Corporate strategy framework of assessing / industry attractiveness and competitive position using porter’s forces analysis

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Porter’s model provides a useful Corporate strategy framework for our analysis. As can be seen from the model below, the competitive environment includes not only the output market but also the input market as well.

Corporate strategy framework

Generally, the forces of competition will drive the industry towards a profit level which is sufficient to keep the corporate firms in the industry. The strategic task, therefore, for any corporate company is to deploy resources so that it can make enough profit levels in excess of what is normal i.e. that profit level which keeps it in production e.t.c.

A number of threats to the pursuit of profit are as follows:

  • Threats of new entrants: the ability of corporate firms to enter the market is determined by the nature of barriers to entry.
  • Threat from substitutes products: A major strategic effort may, therefore, be devoted to product differentiation based either on nonproduct features or on the product itself.
  • Buyers can exact pressure on a company. The more concentrated the buying market vis a vis the producer the more power it will have.

      Potential factors:

  1. Degree of dependency upon existing channels of distribution
  2. Bargaining leverage, particularly in industries with high fixed costs
  3. Buyer switching costs relative to firm switching costs
  4. Buyer information availability
  5. Force down prices
  6. Buyer concentration to the firm concentration ratio
  7. Availability of existing substitute products
  8. Buyer price sensitivity
  9. Differential advantage (uniqueness) of industry products
  10. RFM (customer value analysis)
  11. The total amount of trading
  •  Suppliers can exact pressure on the company. Suppliers of raw materials, components, labour, and services (such as expertise) to the firm can be a source of power over the firm when there are few substitutes. Suppliers may refuse to work with the firm or charge excessively high prices for unique resources.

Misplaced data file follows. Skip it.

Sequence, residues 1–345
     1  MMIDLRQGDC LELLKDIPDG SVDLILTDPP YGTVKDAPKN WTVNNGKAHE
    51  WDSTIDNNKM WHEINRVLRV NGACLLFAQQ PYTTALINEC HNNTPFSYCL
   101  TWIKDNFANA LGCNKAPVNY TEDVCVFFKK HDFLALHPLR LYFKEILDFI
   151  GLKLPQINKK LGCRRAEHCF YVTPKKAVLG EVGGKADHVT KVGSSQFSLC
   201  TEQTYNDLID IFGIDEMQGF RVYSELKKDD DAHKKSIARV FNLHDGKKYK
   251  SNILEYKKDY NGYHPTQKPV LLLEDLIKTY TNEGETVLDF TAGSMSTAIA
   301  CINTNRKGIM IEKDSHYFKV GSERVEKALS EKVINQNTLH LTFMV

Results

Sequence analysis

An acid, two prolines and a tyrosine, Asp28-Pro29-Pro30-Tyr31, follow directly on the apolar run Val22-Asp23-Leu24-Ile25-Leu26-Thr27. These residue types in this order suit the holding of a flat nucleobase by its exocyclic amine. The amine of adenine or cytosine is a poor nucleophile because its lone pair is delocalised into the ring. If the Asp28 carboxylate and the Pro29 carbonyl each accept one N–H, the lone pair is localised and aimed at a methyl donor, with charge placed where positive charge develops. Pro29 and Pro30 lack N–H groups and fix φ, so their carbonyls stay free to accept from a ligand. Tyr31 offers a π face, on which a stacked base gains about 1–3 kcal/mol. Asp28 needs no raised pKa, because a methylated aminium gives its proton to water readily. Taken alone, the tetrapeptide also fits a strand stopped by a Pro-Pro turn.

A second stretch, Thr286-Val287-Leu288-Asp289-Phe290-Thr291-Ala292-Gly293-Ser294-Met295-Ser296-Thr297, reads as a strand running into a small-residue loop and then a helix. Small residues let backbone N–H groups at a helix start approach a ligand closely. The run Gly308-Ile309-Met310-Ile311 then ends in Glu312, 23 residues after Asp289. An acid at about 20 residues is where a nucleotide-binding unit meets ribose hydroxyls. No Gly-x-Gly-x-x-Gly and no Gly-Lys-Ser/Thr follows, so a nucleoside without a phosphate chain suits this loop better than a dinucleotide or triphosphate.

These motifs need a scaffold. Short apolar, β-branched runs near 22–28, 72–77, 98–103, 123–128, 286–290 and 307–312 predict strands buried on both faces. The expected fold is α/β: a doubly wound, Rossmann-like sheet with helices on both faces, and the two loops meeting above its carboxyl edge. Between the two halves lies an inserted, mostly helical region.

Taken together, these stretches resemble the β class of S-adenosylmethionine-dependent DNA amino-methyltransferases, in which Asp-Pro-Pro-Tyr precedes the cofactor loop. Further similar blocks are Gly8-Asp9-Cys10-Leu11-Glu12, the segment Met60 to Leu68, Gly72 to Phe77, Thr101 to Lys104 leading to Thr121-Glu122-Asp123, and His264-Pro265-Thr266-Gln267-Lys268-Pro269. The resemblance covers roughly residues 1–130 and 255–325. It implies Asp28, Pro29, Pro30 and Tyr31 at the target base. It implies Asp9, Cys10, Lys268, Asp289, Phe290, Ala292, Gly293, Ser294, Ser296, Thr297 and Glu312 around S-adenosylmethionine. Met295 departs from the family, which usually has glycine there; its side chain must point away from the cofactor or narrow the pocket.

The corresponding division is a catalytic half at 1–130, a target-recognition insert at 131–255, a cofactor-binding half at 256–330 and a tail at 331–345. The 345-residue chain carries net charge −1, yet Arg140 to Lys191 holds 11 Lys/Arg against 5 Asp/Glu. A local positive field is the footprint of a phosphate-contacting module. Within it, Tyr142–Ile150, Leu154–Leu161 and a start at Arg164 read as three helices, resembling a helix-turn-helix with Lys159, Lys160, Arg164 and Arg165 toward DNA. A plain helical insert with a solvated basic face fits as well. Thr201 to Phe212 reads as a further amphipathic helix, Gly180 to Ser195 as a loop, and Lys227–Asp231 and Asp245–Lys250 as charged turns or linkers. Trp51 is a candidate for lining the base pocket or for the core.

Potential factors :

  1. Supplier switching costs relative to firm switching costs
  2. Degree of differentiation of inputs
  3. Impact of inputs on cost or differentiation
  4. Presence of substitute inputs
  5. Strength of distribution channel
  6. Supplier concentration to the firm concentration ratio
  7. Employee solidarity (e.g. labour unions)
  8. Supplier competition: the ability to forward vertically integrate and cut out the buyer.
  • Rivalry among competitive firms. For most industries, the intensity of competitive rivalry is the major determinant of the competitiveness of the industry.

      Potential factors:

  1. Sustainable competitive advantage through innovation
  2. Competition between online and offline companies
  3. Level of advertising expense
  4. Powerful competitive strategy
  5. Firm concentration ratio
  6. Degree of transparency

Generic competitive strategies.

The ultimate objective of any corporate firm is to gain a superior position over that of its rivals.


Porter advances a number of answers to these question based upon important concepts. Does the firm seek to gain an advantage by being low cost or through differentiation such that buyers will pay a premium based on their perceptions of the product?

In summary of the whole analysis, the differing Corporate strategy framework  require differing market conditions as well as differing skills, for example, cost leadership requires tight cost control and sets of customers who perceive the benefit of low costs translated into prices. Differentiation requires strong marketing and often R&D as well as distinctive requirements from people. Furthermore, the product has to be perceived by customers as offering something unique to them for which they are prepared to pay a premium.

Porter developed his five forces Corporate strategy framework  analysis in reaction to the SWOT analysis. Porter’s five forces are based on the Structure-Conduct-Performance paradigm in industrial organizational economics. It has been applied to a diverse range of problems, from helping businesses become more profitable to helping governments stabilize industries.


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